Since the Feb. 14 massacre of 17 people at Marjory Stoneman Douglas High School in Parkland, Florida, the National Rifle Association has taken hits from survivors and from major businesses.
Among the actions: Delta Air Lines and United Airlines have discontinued their discounts for NRA members, as have insurance company MetLife and car rental companies Avis and Hertz. Dick's Sporting Goods announced that it will no longer sell high-capacity magazines or assault rifles and raised its minimum age to purchase a firearm to 21.
The question arises: Can the nation's largest advocate for gun rights, which prides itself on defending liberties and the Second Amendment, improve its image? The organization did not return CNBC's request for comment.
At least a few observers say yes. DeeAnn Sims, founder and creative director of the SPBX public relations firm in Los Angeles, said the organization's problem can be addressed with a few proactive steps.
"First, members who are speaking to the press and making public appearances should definitely invest in media training," Sims told CNBC.
"Second, the organization's overall image could benefit from a total rebrand. This should include everything from a positive tag line to partnering with a nonprofit partner," she added. "Lastly, I would suggest running a national [public service announcement] about gun safety and investing in a message that suggests they not only recognize a problem, but that they care about these issues."
Brad Chase of Chase Global Media Group suggested that the NRA change its approach. Chase is the author of a Change.org petition asking Amazon to remove NRA TV from its streaming service and website.
"They need to fire their communications team," he said. "Bring in gun owners and non-gun owners alike who will staunchly defend the Second Amendment, but also accept the fact that it needs to be updated to be compatible with 21st-century life."
Jeff Bishop, an attorney from Virginia and an NRA member since 1992, said a public relations makeover would have little value to the organization — if any.
"Shortly after the Las Vegas massacre, they came out for some modest regulations, such as banning bump stocks and making significant fixes to the National Instant Criminal Background Check System, which had failed to catch several previous mass shooters it probably should have caught," Bishop said.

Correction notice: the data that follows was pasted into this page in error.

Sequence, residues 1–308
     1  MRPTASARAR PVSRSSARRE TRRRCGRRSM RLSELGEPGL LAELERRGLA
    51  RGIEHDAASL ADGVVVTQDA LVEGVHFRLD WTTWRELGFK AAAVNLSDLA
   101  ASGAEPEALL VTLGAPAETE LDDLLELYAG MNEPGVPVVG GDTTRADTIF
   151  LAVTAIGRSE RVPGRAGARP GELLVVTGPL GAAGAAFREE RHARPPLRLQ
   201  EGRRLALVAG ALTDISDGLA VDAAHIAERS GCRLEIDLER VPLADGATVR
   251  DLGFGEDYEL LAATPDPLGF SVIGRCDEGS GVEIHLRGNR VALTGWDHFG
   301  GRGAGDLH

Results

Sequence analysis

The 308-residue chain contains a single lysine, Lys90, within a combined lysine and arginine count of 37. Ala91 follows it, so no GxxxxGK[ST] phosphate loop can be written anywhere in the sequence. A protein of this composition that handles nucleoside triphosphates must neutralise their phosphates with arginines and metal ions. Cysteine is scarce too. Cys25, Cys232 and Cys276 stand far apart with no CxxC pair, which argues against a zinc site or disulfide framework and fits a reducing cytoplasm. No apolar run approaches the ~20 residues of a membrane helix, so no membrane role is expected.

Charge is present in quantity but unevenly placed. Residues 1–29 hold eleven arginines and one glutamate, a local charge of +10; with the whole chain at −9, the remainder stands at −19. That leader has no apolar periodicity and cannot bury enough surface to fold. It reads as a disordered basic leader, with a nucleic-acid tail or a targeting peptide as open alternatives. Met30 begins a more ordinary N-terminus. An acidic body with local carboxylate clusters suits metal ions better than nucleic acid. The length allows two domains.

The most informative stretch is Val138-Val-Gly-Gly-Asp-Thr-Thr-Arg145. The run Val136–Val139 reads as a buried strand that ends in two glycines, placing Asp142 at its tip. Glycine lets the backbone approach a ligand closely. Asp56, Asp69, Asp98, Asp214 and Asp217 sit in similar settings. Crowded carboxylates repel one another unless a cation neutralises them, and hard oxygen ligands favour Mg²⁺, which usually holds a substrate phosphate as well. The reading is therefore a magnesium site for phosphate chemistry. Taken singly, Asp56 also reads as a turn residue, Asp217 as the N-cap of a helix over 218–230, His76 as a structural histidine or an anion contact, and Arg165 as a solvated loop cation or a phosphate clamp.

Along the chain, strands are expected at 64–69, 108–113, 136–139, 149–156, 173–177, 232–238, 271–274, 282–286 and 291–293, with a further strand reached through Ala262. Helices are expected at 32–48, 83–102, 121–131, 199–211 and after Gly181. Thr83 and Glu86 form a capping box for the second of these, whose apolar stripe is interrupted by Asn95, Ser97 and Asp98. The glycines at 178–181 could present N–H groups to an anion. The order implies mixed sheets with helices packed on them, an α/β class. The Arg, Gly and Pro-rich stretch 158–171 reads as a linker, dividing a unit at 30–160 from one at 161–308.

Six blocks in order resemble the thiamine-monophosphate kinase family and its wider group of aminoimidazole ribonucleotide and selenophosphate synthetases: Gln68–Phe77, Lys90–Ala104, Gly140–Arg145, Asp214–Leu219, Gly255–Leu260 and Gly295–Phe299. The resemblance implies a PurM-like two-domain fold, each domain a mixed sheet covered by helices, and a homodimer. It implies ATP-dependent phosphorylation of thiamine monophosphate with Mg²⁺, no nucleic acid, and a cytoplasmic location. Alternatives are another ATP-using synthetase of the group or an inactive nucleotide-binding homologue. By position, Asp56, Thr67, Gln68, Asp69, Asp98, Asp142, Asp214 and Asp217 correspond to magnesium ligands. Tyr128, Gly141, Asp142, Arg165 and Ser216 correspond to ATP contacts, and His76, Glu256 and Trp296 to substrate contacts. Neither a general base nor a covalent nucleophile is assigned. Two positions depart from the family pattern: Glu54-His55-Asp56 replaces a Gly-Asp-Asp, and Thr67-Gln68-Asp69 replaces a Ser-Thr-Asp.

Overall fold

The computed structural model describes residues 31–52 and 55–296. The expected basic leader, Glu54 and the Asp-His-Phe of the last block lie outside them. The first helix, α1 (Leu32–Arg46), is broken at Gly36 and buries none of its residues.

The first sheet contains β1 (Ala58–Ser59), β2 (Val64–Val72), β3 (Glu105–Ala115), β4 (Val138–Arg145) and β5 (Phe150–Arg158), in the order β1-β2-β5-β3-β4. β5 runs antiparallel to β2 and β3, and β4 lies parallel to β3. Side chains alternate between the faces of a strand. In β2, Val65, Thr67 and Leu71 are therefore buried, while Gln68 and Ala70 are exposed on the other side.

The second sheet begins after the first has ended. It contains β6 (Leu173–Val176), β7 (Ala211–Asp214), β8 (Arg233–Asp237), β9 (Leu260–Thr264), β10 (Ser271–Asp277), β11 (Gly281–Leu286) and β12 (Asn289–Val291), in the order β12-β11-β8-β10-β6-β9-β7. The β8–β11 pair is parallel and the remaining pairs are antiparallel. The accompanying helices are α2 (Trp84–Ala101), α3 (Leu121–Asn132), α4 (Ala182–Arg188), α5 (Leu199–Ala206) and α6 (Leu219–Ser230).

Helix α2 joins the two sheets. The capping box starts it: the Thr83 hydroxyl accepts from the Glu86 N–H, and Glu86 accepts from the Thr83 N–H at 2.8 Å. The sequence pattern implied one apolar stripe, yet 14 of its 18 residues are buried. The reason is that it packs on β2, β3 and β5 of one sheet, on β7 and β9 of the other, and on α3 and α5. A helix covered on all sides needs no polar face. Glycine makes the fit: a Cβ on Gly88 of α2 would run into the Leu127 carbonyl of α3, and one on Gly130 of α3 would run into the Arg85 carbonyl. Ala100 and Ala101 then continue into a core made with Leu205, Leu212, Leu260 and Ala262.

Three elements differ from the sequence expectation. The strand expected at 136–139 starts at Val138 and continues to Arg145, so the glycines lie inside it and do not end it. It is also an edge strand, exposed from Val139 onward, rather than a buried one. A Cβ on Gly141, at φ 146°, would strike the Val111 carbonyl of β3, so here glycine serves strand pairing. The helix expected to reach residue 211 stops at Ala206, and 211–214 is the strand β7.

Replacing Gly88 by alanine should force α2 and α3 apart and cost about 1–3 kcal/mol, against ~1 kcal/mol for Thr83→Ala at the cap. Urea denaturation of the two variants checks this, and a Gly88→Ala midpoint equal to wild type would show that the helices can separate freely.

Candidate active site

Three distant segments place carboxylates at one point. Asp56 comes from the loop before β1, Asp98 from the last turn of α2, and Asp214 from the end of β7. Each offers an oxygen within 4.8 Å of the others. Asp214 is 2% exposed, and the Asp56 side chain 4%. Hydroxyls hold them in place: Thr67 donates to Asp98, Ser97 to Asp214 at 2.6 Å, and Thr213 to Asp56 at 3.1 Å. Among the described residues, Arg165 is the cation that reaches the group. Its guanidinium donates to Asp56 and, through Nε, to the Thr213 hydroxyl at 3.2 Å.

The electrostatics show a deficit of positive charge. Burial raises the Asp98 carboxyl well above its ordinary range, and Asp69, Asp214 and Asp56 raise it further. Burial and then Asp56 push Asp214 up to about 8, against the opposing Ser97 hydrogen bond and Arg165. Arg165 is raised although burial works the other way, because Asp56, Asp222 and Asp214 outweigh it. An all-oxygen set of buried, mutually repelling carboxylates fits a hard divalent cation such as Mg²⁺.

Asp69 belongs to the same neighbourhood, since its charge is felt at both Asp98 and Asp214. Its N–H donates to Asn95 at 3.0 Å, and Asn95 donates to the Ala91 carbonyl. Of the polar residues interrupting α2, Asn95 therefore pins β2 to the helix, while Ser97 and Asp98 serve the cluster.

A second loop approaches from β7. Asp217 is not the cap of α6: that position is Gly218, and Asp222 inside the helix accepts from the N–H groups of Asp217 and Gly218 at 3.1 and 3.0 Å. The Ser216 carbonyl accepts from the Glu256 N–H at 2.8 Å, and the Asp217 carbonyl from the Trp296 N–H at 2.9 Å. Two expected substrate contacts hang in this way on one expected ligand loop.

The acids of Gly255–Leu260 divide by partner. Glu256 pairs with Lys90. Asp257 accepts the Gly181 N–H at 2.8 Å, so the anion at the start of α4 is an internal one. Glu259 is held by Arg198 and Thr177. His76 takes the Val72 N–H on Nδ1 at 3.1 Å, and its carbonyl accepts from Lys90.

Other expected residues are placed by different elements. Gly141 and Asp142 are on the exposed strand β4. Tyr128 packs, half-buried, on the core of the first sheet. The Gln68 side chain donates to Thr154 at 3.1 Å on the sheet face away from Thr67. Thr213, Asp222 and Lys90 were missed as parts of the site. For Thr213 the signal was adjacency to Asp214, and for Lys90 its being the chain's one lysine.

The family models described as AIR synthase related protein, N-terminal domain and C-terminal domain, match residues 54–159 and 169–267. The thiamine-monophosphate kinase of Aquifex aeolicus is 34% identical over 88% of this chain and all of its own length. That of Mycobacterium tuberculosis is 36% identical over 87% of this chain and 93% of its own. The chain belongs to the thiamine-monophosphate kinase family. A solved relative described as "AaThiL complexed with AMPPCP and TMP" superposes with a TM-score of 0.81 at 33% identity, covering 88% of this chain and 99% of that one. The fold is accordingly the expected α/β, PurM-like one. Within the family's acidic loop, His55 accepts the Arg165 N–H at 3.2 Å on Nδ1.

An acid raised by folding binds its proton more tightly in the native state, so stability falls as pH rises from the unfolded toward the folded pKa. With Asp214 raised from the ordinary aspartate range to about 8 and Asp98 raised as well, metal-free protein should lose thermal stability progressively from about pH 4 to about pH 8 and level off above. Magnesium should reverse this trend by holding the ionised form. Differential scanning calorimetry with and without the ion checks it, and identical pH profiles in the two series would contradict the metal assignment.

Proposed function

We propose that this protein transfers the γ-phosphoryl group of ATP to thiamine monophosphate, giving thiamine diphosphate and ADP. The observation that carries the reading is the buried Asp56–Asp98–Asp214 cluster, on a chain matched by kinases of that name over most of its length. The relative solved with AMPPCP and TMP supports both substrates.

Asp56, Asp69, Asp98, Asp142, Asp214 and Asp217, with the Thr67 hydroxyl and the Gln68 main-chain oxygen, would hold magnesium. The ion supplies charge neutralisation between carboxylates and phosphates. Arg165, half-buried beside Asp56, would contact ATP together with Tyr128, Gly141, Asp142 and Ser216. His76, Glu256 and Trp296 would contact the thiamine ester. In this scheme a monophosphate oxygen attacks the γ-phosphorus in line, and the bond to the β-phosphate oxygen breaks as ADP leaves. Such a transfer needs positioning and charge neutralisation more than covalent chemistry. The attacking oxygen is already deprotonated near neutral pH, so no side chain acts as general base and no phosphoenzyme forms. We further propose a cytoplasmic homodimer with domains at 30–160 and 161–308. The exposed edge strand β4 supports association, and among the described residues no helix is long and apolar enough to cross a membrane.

"These reasonable proposals gained the NRA zero goodwill among gun control advocates, but did anger many 'no-compromise' [members] who already viewed the organization as corporate sellouts," he added.
In addition, recent data suggest that actions against the gun lobbying group can cut both ways. According to a poll by the market research company Morning Consult, companies that severed ties with the NRA actually suffered a backlash.
"Despite increased media scrutiny since the Parkland shooting, our polling finds the NRA continues to perform well among a plurality of Americans, and the organization's core base: Republicans," said Michael Ramlet, Morning Consult's CEO.
Reflective of the polarized environment, the polling also showed a sharp split along party lines.
"The number of Republicans who viewed MetLife unfavorably leaped from 10 percent to 44 percent after learning of the company's decision to end ties with the NRA, while Democrats' favorability with MetLife increased from 49 percent to 68 percent," Ramlet said.
Rocky Pollington, a marketing director at UglyBadger Media, said that if companies like MetLife are seeing blowback, it comes with the territory when a business decides to take a stand.
"There is a balance that businesses need to have when deciding to make a political statement," Pollington said. "Making a public announcement [that may] alienate a portion of your customer base is a very risky move that they should be aware of, and accept the results."
Yet if the NRA really wants to improve its image without abandoning its principles, it should attempt to be somewhat less partisan, Bishop told CNBC.
"All too often it gets mixed up with conservative causes generally, as if the 'R' in its name stood for 'Republican,'" he said.